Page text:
(CNN)Thelma Shepherd was riding back to her Chicago apartment on July 27, 1919, when her streetcar came under attack. Black and white men hurled rocks at each other and at the passing vehicle. The 19-year-old who had recently left the South for a job in the bustling city didn’t know it, but she had witnessed one of the most violent clashes of the “Red Summer.”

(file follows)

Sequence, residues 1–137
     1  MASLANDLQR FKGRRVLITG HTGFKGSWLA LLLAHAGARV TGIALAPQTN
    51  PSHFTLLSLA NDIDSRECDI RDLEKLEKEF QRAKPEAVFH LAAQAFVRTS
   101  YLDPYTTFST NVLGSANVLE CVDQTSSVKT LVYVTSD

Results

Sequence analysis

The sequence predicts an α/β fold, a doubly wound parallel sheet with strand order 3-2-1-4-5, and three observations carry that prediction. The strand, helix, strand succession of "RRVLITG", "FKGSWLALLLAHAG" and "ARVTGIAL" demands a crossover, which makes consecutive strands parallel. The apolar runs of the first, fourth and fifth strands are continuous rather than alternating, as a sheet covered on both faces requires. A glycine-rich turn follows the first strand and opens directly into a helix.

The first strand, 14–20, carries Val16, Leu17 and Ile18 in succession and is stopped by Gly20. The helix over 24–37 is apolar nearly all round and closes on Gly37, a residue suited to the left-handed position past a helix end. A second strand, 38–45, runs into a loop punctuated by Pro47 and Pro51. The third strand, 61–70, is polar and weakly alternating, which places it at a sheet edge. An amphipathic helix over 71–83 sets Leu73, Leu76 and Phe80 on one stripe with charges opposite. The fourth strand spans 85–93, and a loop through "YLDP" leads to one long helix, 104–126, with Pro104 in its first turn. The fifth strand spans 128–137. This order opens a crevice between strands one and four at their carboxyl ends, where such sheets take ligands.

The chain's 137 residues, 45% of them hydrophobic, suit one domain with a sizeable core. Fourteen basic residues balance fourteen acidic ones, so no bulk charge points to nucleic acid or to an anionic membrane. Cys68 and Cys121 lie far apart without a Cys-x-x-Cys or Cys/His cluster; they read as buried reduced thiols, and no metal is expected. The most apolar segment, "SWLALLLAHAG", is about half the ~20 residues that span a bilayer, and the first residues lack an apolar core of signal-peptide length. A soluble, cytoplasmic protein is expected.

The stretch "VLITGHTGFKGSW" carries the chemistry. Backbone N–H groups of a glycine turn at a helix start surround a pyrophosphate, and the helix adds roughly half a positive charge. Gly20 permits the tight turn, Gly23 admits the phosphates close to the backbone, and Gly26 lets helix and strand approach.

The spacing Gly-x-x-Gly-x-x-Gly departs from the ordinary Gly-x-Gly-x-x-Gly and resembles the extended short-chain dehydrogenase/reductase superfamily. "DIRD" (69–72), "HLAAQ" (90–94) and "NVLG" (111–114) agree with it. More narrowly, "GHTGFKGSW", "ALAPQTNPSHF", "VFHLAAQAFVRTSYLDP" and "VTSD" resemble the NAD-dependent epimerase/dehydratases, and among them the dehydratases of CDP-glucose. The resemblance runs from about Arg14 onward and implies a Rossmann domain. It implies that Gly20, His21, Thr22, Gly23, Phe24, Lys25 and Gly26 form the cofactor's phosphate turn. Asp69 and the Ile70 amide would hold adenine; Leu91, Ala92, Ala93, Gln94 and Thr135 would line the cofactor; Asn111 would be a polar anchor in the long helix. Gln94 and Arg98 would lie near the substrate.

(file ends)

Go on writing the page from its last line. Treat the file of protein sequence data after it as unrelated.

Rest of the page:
The drivers made no stops and dropped all the passengers off at the end of the line, her granddaughter, Claire Hartfield, remembers her saying years later. “She was new to the city,” Hartfield recalls. “She wasn’t really aware of the tensions that had been building. She was just enjoying some of the excitement of being in a really big city.”It was an … eye-opener for her.” But other passengers on the next routes weren’t lucky enough to escape. Read More”Street-car routes, especially transfer points, were thronged with white people of all ages,” a 1922 report by the Chicago Commission on Race Relations says. Black passengers were dragged out to the street, beaten and kicked. Over the next few days, white mobs stormed the streets attacking blacks indiscriminately. Thirty-eight people were killed, 23 of whom were black, and more than 500 were injured, the commission on race relations said.In this 1919 photo provided by the Chicago History Museum, a victim is stoned and bludgeoned under a corner of a house during the race riots in Chicago. Chicago wasn’t the only city besieged by mob violence in the months after World War I. White gangs were eager to maintain Jim Crow-era laws but African-American soldiers returning from the war were demanding their rights and an end to second-class citizenship. Between late 1918 and late 1919, the US saw 10 major anti-black riots, dozens of minor, racially charged clashes and almost 100 lynchings, writes David F. Krugler, author of “1919, The Year of Racial Violence: How African Americans Fought Back.”Scores of black men and women were killed that year in racial violence. Nobody knows how many. The official death toll, Krugler says, was more than 150 people — the majority of whom were black — across the country between late 1918 and 1919. The Arkansas State Archives says 200 blacks were killed in Arkansas alone over several days in September 1919.”Overwhelmingly, it was whites attacking blacks,” Krugler told CNN. But for nearly 100 years, the “Red Summer” as it was called by NAACP field secretary James Weldon Johnson because of its explosive violence and bloodshed, went overlooked and forgotten. “The Red Summer doesn’t fit into the stories we tell ourselves about US history,” Krugler says. “It’s also a very prominent example of another feature of American history that we don’t like to fully acknowledge.”In this 1919 photo provided by the Chicago History Museum, a crowd gathers at a house that has been vandalized and looted during the race riots in Chicago. Some of the crowd is posing inside broken windows, others are standing on the lawn.Until today, very little has been recorded about the violence that occurred. “When I wrote my book, people wouldn’t talk about it,” Cameron McWhirter, author of “Red Summer: The Summer of 1919 and the Awakening of Black America,” told CNN. “People have spent a lot of time not focusing on it. (There’s) a lot of focus now on trying to uncover this part of history.”A panicky time for white America”A lot of people would think that 1919 was this heroic happy time for America because we just won the war,” McWhirter says. “But this wasn’t the case. It was a panicky time for America.”There were strikes across the country, rising prices and unemployment, returning veterans who couldn’t find a job and the spread of Communism.”In the midst of all that, we have America’s racial problem,” he says. While hundreds of thousands of soldiers had been fighting across the ocean, some 5 million African Americans — including Shepherd — had migrated from the South to cities like Chicago, where factory owners welcomed the cheaper labor and where, according to McWhirter, the newcomers were being treated “slightly better.” In this 1919 photo provided by the Chicago History Museum, police look through a broken window of a house during the race riots in Chicago. Broken furniture is strewn about the front yard. “Overall, it was not what we’d consider equity but it was better than what they had in the South,” he said. But the population pump caused extreme racial tensions as black neighborhoods began to expand and blacks were no longer confined to designated areas.Tensions grew in the South, too, where sharecroppers began making money and buying land and homes. “So all these things that were theoretically good for black people at that time became sources of violence,” McWhirter says. And white gangs began to attack. They fought back In July 1919, white veterans were galvanized by a rumor that the Metropolitan Police Department in Washington, D.C., had released a black man suspected of sexually assaulting a white woman. The men poured into black neighborhoods carrying pipes and lumber they found along the way, Rawn James Jr. writes in the History News Network. They beat one black man and cracked another’s skull with a brick. “Thousands of white veterans in uniform snatched black people from streetcars, sidewalks and beat them without reason or mercy. Black women cried in the streets for God to save them,” James writes. In this 1919 photo provided by Chicago History Museum, a crowd of men and armed National Guard stand in front of the Ogden Cafe during race riots in Chicago.But just like they had begun doing across the country, African Americans fought back. They too, began snatching white drivers out of vehicles or firing from their own cars. One black teenaged girl shot and killed a police officer.”There were pockets of resistance (by African Americans),” Krugler says. “And that’s another reason why the backlash was so harsh.”Further south, in Longview, Texas, where 31% of the population was black, African-American leaders were calling on black farmers to sell directly to buyers in Galveston and avoid going through white cotton brokers, the Texas State Historical Association reports.One of the two black leaders, Samuel L. Jones, was assaulted and beaten in July and a day later, 12 white men tried to enter his house. They were met with gunfire and one of them was beaten by a group of black men. They returned with more guns and ammunition, found the house empty, and set it on fire, along with other black residences.In this July 13, 1919 image provided by the Library of Congress, Daniel Hoskins stands with guns deposited at Gregg County Courthouse, in Longview, Texas, following race riots during Red Summer. In September, in Omaha, Nebraska, a mob stormed into a courthouse and dragged out a black man who had been accused of assaulting a white girl. The Omaha Bee reported that a “black beast” had assaulted the girl, according to History Nebraska, formerly Nebraska State Historical Society. The man, Will Brown, was beaten, repeatedly shot and lynched. “In its alliance with Tom Dennison, Omaha’s powerful political boss, the Omaha Bee was the primary strident voice of alleged racially shocking crimes,” the state society reported.”Alarmed at the Bee’s promotion of violence and racial prejudice, the Rev. John A. Williams—first president of the local chapter of the NAACP and publisher of the Monitor, a weekly black paper—called upon the editors of the Bee and the Daily News to stop their propaganda.”Blacks across the country set up armed self-defense patrols to protect the communities the police failed to protect, Krugler says.But they weren’t just fighting against the violence. They were fighting what Krugler calls a “three-front race war.”They were also fighting back against false media reports that blacks were the ones inciting violence and also fought for justice in biased courts. “We see parallels to today,” Krugler says. “We see African Americans continue all three of those fights into the 20th century and even the 21st century.”200 dead in ArkansasOne of the deadliest tragedies of Red Summer was in Elaine, Arkansas. “By the end of the summer, every city was just waiting for theirs to happen, it was just all a giant panic,” McWhirter says. On September 30, as sharecroppers met to unionize against low wages, law enforcement officers drove by at night and claimed their car broke down. Soon, shots were fired.It’s still not clear who fired first, but white men used the rumors of an uprising to crush the sharecroppers’ resistance. Hundreds of white men flocked from surrounding cities and states. In the days that followed, white mobs swarmed the streets armed with rifles and more than 500 soldiers arrived to deal with “alleged black insurrectionists,” the University of Arkansas Little Rock Center for Arkansas History and Culture says. When blacks began running toward the troops to surrender, they were shot and killed. The military reported about 20 African American deaths at the time, the university says. Similar estimates were given by local papers. Today, the riots are known as the “Elaine Massacre” and one of the bloodiest racial conflicts in the nation. An estimated 200 black people were killed by white people, according to Arkansas State Archives and the Equal Justice Initiative, an Alabama-based nonprofit that provides legal representation for indigent defendants.Another 200 were jailed or put in stockades and many were tortured. A grand jury charged 122 African Americans with crimes connected to the riots and a jury convicted 12 of them for murder, the government reports. They were later released with the help of the NAACP, according to the state archives.The start of a movementWhen Hartfield, the granddaughter of a woman who lived through the riots, began presenting around Chicago following the publication of her book, “A Few Red Drops: The Chicago Race Riot of 1919,” she said she was surprised at how many people were unfamiliar with the state’s history. “It’s about uncovering and commemorating something that’s very tragic and ownership of something that really didn’t go well,” she said. In this July 10, 2019, photo, a wreath lies in front of a site commemorating the 1919 race riots in Chicago. It’s a history the nation needs to build upon and learn from, she says.There were seeds back then, she said, of issues American society is still grappling with today. Issues like racial inequality in the job market, the distrust between the blacks and the criminal justice system and biased news outlets. “But I have hope,” she says.